An important part of developing an effective pain management plan is obtaining an accurate understanding of what effective pain management really means. I believe that effective pain management requires a three part approach: (1) A medication management plan—developing an effective medication management agreement; (2) A cognitive-behavioral treatment plan—addressing pain versus suffering by better managing your thinking and feelings as well as changing any self-defeating behaviors and problematic social/family reactions; and (3) A nonpharmacological (non-medication) pain management plan—developing safer ways to manage pain.
Refining your Personal Pain Management Plan
An effective pain management plan starts with an accurate assessment of your presenting problems, your strengths, weaknesses, support system, as well as any obstacles that could sabotage your pain management. This usually requires a multi-disciplinary approach that includes an in-depth medical history and physical by your doctor followed by appropriate medical diagnostic testing.
One of the first treatment decisions needs to be whether or not modification to your medication plan is necessary. If it is necessary then you need to determine whether inpatient medical assist is necessary or you can do it on an outpatient basis with your doctor’s guidance. This is where you develop your personalized appropriate medication management plan—you’ll see Mary and Mark’s revised medication management plans in the next chapter.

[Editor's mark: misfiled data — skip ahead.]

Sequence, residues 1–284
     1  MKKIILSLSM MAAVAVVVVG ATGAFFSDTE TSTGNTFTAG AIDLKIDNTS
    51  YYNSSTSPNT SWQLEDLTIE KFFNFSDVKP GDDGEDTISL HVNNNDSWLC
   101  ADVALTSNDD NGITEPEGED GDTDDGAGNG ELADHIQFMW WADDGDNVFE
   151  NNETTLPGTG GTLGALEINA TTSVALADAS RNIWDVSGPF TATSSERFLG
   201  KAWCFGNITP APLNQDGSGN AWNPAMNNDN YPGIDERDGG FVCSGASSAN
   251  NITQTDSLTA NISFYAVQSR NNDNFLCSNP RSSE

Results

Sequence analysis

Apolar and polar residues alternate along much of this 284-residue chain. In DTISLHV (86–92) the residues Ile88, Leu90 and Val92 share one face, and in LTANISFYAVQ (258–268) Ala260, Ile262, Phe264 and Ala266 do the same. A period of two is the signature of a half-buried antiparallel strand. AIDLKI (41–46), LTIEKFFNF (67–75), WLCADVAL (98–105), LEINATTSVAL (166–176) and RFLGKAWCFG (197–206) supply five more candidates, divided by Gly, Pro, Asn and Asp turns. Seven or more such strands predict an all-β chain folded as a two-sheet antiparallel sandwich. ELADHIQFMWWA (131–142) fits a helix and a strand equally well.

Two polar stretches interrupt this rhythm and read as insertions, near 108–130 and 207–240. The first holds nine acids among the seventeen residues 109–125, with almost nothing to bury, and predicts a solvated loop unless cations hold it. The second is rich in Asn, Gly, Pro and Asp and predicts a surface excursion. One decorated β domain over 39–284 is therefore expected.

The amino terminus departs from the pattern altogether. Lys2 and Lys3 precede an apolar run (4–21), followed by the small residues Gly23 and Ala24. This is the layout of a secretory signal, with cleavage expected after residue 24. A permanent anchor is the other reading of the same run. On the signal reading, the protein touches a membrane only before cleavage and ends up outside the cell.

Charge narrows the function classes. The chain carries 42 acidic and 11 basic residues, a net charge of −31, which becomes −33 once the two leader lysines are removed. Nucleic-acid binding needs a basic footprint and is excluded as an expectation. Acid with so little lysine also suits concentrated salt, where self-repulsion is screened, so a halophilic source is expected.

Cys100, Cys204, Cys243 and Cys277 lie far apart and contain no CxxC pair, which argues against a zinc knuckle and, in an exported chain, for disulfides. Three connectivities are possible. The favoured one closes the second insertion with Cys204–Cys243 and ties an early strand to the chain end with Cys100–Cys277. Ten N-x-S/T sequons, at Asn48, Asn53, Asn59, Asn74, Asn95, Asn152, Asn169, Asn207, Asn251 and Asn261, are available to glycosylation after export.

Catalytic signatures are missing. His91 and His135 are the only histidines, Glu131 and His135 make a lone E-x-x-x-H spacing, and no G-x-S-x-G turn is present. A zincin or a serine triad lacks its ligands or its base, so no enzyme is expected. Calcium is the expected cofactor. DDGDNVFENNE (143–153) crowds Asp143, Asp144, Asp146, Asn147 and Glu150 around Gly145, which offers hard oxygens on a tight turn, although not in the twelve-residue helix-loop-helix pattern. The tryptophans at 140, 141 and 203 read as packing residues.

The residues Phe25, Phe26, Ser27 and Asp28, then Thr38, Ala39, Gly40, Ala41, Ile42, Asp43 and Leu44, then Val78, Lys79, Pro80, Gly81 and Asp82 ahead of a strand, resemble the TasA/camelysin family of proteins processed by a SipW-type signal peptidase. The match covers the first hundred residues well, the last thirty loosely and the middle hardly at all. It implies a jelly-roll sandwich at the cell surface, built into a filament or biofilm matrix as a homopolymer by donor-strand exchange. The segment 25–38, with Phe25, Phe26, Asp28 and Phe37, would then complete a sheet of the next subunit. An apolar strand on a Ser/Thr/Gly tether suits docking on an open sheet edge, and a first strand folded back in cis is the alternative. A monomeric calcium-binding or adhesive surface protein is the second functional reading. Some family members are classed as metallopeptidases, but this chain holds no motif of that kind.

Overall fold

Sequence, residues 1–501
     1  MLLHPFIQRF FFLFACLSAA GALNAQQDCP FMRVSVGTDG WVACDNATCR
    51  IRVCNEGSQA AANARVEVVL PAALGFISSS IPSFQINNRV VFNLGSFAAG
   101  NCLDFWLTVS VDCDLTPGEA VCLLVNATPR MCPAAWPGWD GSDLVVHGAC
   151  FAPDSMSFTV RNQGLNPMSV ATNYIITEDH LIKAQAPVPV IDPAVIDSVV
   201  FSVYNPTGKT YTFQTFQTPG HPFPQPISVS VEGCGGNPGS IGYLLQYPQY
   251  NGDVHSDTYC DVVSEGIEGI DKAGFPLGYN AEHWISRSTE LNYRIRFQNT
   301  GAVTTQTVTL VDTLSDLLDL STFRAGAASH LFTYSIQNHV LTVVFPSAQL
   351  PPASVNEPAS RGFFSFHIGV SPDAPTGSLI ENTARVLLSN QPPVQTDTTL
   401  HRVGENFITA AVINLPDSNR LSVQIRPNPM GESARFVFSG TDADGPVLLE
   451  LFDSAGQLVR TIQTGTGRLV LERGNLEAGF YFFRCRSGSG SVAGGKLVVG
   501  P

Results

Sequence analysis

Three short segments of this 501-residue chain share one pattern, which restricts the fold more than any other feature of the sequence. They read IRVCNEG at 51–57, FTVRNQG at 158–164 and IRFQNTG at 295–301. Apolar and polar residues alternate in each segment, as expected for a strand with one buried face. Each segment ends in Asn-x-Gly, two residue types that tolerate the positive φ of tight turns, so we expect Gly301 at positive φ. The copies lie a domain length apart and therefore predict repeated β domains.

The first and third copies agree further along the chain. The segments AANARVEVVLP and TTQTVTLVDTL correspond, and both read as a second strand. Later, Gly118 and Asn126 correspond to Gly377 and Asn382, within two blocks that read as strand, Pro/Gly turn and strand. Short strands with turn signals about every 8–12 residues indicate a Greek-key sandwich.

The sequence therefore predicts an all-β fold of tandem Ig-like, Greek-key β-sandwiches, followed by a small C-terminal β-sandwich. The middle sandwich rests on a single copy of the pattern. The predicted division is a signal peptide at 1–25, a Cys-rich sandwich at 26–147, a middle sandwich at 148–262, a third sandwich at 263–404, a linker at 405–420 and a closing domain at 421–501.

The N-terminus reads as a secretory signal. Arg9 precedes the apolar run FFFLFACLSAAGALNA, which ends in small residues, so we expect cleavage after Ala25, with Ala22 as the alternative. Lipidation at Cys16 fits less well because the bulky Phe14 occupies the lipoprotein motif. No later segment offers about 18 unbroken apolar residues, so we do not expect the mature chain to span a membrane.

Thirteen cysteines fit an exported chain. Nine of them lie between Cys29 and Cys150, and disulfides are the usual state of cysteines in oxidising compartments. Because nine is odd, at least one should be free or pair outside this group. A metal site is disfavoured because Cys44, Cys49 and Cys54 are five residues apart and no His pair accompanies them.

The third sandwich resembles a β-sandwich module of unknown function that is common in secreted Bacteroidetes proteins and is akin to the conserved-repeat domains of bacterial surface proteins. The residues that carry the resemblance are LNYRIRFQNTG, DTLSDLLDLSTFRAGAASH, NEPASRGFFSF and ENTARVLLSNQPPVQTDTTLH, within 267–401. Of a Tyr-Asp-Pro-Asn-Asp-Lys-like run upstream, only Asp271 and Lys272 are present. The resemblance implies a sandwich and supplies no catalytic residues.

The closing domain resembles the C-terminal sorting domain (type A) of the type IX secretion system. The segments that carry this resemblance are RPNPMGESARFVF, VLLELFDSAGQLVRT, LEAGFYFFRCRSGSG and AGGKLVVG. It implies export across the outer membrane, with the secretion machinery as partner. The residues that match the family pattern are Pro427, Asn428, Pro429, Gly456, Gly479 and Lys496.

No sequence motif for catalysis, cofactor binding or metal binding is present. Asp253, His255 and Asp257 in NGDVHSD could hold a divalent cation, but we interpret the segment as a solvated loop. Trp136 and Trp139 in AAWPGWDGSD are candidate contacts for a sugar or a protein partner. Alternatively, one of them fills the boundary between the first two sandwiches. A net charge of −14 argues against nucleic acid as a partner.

Do You Need Medication Modification?
If modifications to your medications are made you may need some craving management tools to help you adhere to your new plan and ways, in addition to your medication, to handle pain flare ups. You also need to develop and implement non-pharmacological pain management interventions.
As you continue with your pain management planning it is important to continue learning even more non-pharmacological, holistic pain management tools. Then you need to develop an initial relapse prevention plan that will help you identify your high-risk situations for ineffective pain management or self-sabotage. It is crucial to have a relapse prevention plan in place that addresses both your high risk pain situations as well as any core psychological or other coexisting issues such as depression.
To learn more about relapse prevention for better chronic pain management check out my article Relapse Prevention and Chronic Pain Management that you can download for free on our Article page.
If you’d like to receive training for helping people with chronic pain and coexisting disorders, including addiction, I’m very excited to announce we are presenting my Addiction-Free Pain Management® Certification Training in Sacramento on August 5-7, 2010. To learn more about this and my other upcoming trainings you can check out our Calendar page.
To learn more about the Addiction-Free Pain Management® System, please check out my article The Need for Multidisciplinary Chronic Pain Treatment that you can download for free on our Ariticles page. This article also gives an overview of my Addiction-Free Pain Management® Workbook.To purchase this book please Click Here.
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